She added, “We also updated our best practices, simplified some language, strengthened the message in some areas, and tried to address all portions of the ‘Eight Can’t Wait’ campaign within the policy. [We] also dispersed throughout our police policies, in revising our use of force policy, we garnered input from multi-disciplinary teams from outside the department, including the Attorney General’s guidance and state and national associations.”
Coffey next told the board she had reached out to the bands who were to have played in the Summer Series musical events asking if they would be interested in performing virtually as directed by council. She said all “are interested and I will be scheduling and advertising these soon.”
She then told the board about town staff continuing to work on determining ways in which the town may assist the Hillside Community in making the potential improvements they have identified for the space between their community center (former schoolhouse) and the church facility. “We anticipate having a report back to Town Council at its September 28 meeting,” she said.
Asked about the potential improvements, Coffey told the Tribune, “At the August 4th workshop, town council asked staff to research how the town may partner with the Hillside Community to potentially provide for some parking and picnic tables and such on the land between Mt. Zion Church and the former schoolhouse (which serves as their community center). I don’t have an answer on what the town may be able to help with at this point. I am working with our staff to determine what may be feasible and bring a report back to Council in September.”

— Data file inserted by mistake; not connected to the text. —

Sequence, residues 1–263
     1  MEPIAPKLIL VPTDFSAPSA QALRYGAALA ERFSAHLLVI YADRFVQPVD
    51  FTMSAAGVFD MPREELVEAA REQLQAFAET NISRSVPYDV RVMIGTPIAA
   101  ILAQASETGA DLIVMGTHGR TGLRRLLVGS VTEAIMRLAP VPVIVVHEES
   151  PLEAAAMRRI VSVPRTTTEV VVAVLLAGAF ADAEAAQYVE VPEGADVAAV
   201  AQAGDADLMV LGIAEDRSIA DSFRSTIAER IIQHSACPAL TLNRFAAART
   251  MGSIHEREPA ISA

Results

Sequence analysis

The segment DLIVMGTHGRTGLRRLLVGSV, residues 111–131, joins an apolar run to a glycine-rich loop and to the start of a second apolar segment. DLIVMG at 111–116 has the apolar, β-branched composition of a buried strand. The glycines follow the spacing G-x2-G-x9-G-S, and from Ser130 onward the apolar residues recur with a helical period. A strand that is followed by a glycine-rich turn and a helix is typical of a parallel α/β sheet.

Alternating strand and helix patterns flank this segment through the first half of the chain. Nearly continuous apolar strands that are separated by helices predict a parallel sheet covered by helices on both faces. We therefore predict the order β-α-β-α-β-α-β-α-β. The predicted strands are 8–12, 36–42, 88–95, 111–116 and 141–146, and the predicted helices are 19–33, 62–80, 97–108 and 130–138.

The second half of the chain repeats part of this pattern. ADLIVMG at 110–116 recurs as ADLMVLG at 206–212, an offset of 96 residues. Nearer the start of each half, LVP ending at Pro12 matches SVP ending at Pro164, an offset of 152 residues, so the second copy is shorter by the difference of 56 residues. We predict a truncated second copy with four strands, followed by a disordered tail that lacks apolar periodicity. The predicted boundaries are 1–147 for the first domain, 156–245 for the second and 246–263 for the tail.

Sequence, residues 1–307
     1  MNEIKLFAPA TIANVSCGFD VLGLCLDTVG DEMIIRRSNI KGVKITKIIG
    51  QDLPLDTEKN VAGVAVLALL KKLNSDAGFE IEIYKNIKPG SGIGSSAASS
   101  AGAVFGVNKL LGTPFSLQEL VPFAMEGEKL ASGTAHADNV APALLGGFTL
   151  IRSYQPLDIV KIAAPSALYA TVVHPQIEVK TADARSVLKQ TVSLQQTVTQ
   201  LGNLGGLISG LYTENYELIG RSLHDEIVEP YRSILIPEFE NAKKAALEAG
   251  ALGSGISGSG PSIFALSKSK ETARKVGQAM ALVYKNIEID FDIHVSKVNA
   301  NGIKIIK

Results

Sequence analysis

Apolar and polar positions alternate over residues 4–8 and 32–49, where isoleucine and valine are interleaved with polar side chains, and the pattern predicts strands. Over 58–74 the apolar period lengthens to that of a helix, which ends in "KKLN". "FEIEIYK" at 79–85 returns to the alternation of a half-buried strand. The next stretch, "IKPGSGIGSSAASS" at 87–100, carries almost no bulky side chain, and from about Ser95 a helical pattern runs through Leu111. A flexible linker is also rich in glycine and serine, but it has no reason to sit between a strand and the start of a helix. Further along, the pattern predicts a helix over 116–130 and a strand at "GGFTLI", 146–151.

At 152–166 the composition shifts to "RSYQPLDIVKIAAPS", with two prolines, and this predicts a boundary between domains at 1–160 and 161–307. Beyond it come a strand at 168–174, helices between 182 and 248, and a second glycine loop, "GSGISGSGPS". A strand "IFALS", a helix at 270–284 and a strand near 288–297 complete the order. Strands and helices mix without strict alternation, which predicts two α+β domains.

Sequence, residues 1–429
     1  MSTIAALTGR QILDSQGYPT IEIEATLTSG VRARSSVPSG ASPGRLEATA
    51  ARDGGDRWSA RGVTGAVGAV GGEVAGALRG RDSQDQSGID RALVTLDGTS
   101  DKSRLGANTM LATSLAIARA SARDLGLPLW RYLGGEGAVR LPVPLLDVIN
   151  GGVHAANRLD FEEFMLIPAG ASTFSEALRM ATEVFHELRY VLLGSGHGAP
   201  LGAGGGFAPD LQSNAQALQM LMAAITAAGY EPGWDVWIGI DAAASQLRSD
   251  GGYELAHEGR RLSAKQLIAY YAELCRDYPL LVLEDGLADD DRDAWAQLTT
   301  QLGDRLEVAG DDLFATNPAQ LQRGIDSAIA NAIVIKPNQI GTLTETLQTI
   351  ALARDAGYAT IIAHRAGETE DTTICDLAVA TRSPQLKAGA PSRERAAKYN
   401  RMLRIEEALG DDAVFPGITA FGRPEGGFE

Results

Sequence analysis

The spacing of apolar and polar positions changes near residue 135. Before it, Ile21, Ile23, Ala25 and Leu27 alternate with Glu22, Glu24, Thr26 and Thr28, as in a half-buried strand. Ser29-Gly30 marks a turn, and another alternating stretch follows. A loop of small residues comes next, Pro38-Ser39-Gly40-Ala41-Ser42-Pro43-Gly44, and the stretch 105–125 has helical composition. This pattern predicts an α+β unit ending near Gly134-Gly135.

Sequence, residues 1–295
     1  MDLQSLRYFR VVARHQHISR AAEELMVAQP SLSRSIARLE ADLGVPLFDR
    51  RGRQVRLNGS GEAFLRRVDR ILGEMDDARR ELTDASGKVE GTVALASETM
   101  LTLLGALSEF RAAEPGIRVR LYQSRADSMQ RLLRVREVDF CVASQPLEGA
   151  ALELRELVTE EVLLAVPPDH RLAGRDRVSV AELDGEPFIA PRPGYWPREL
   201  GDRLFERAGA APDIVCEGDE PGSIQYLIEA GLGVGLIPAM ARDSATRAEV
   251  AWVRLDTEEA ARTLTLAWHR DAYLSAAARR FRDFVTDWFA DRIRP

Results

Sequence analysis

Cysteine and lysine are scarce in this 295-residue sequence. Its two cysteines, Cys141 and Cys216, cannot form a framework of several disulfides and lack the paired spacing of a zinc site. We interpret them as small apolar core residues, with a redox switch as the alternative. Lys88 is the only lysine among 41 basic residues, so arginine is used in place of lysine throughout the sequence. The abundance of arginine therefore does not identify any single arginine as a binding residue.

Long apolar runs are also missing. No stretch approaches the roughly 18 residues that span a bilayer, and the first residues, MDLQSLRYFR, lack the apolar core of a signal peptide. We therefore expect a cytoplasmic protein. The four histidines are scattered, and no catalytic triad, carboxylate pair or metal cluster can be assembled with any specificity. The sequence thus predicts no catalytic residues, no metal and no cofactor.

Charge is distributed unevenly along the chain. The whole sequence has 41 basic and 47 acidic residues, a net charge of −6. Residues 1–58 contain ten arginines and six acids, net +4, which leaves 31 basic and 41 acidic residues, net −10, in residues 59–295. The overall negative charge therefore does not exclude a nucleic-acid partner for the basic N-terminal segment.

Coffey then asked the board their opinion on the size of new recycling carts for the town. A decision between 64-gallon and 48-gallon as the town’s old way of collecting recyclables in blue bags was going away.
She explained she had two grants. A NC Department of Enviromental Quality grant ($30,000 grant amount) will allow us to move from the originally planned 95-gallon cart to 64-gallon or 48-gallon carts, but tote bins will not be eligible for grant funding because bins are difficult to service since there is no chance for semi-automatic or automatic collection.”
She then explained a second grant, from Southeast Recycling Development Council of $13,000 grant amount will not allow for the purchase of smaller tote bins or carts. Councilmember Dottie Sherill said it would be difficult for her to handle a cart as big as a 64-gallon container. Councilmember Doug Jackson was worried about the footprint of the large with the building of home trending toward smaller.